Researcher says net-zero transition in Atlantic Canada will be costly


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A Halifax-based think tank says the race to zero emissions by 2050 will come at a financial cost.

The president and CEO of the Atlantic Provinces Economic Council says to remain on track, governments, businesses and homeowners will need to make big investments.

David Chaundy wants the government to be open and honest with Canadians when considering the shift needed to get rid of greenhouse gas emissions within 30 years.

“We have to realize that’s going to affect our whole way of life, the way we heat our homes,” Chaundy says. “I have an oil furnace — that will have to change. I’m driving a gasoline-powered vehicle — that is going to have to change.”

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He says these changes will have an impact on your wallet.

“I need to invest in solar panels or a heat pump,” he says. “I need to invest in an electric vehicle at some point.”

Chaundy also says governments need to monitor emissions closely to ensure Atlantic provinces are on track.

Click to play video: 'Fraction of Nova Scotia’s Green Fund spent on climate change programs: auditor'

Fraction of Nova Scotia’s Green Fund spent on climate change programs: auditor

The Sierra Club Canada Foundation also wants to see more frequent updates and less reliance on self-reporting from emitters.

“We asked for some kind of oversight position,” says National Programs Director Gretchen Fitzgerald. “We all watched and were reassured to have Dr. Strang reporting on progress on COVID during the COVID crisis. I think we need to have a position like that who would be independently monitoring things.”

She adds although progress has been made, the province is not working to cut down emissions fast enough.

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Fitzgerald points to the operation of Cape Breton’s Donkin coal mine as an example. She wants to see the province shift totally to renewable forms of energy.

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Meantime, the Director of Environment and Climate Change for the Halifax Regional Municipality says the city is doing well in meeting its emissions targets under its climate action movement HalifACT.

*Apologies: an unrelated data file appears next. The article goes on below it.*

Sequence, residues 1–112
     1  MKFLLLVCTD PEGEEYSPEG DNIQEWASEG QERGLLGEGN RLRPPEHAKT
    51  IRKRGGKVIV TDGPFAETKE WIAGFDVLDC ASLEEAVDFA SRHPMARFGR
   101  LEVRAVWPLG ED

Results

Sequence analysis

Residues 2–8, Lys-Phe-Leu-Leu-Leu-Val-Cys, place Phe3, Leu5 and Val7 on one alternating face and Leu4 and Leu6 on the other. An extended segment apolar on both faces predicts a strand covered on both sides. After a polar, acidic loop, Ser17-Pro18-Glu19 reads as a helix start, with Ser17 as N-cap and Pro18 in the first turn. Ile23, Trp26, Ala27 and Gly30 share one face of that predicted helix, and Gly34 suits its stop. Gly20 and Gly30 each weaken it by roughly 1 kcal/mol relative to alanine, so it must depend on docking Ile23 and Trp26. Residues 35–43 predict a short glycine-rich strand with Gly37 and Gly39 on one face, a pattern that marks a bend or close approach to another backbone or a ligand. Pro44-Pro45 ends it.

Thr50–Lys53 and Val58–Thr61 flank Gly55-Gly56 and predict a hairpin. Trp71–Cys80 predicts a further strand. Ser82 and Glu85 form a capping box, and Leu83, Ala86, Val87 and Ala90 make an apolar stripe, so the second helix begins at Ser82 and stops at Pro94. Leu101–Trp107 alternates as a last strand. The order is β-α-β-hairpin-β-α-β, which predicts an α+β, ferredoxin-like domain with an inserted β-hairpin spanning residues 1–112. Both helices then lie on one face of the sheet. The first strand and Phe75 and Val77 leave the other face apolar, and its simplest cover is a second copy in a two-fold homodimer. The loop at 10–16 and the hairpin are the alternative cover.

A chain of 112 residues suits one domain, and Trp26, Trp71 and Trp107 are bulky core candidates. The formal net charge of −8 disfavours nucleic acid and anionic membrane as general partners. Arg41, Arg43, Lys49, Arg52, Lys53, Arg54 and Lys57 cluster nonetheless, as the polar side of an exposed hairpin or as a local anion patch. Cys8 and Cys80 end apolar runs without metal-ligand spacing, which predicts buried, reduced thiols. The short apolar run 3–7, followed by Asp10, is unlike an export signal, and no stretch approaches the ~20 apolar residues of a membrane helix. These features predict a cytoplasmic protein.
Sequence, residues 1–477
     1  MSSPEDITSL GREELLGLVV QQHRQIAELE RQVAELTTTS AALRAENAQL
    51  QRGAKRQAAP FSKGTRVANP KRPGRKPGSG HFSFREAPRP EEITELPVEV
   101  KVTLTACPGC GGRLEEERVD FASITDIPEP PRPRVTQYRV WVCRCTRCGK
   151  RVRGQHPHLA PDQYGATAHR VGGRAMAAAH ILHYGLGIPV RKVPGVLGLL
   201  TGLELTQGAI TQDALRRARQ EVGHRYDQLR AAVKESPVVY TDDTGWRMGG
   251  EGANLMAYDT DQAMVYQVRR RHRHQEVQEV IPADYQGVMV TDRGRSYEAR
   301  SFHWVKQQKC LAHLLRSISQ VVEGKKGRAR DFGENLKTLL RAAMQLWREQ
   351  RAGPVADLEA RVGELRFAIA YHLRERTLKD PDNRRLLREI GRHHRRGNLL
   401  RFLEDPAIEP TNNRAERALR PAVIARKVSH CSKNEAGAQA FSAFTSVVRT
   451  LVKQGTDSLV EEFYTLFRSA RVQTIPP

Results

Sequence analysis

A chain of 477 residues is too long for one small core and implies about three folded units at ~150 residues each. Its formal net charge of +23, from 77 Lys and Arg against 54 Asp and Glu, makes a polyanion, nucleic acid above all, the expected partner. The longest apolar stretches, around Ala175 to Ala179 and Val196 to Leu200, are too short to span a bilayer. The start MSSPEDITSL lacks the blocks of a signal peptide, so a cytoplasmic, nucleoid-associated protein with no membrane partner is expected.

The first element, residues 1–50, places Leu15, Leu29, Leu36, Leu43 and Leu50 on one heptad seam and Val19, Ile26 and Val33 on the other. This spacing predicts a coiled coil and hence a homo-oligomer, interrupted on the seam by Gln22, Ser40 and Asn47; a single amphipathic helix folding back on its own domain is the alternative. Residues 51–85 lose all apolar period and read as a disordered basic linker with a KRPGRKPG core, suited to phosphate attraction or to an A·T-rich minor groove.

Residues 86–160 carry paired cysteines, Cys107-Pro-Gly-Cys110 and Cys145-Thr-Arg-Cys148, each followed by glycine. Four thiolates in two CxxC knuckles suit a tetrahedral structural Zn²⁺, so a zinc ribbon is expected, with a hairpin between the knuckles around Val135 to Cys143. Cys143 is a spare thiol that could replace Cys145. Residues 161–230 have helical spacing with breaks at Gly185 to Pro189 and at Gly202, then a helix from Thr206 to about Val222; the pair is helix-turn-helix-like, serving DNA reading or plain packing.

Shannon Miedema says another big thing to consider is adapting to climate change.

“So not just driving our emissions down,” she explains. “But safeguarding our communities and our infrastructure and our environment against what we’ve already been experiencing and what is predicted to happen over time is really important.”

She points to initiatives in HRM like cooling centres, heat response plans, and the rollout of a refrigeration truck to keep food safe in vulnerable communities during long-term power outages.

Miedema adds mitigating climate change might be expensive, but the cost of not doing something would be far worse for Nova Scotians.

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On Tuesday, Nova Scotia’s auditor general reported about $60 million earmarked to fight climate change had not yet been spent under the Green Fund established in 2019.

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Environment Minister Tim Halman says there will be better tracking when the government shifts to a modified Nova Scotia Climate Change Fund.

“My department will be enhancing the monitoring processes and that work is ongoing,” he says.

He adds the province is on track to meet its ambitious environmental targets.

“In my estimation, we’re a leader in Canada on climate change initiatives,” Halman says.

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Researcher says net-zero transition in Atlantic Canada will be costly

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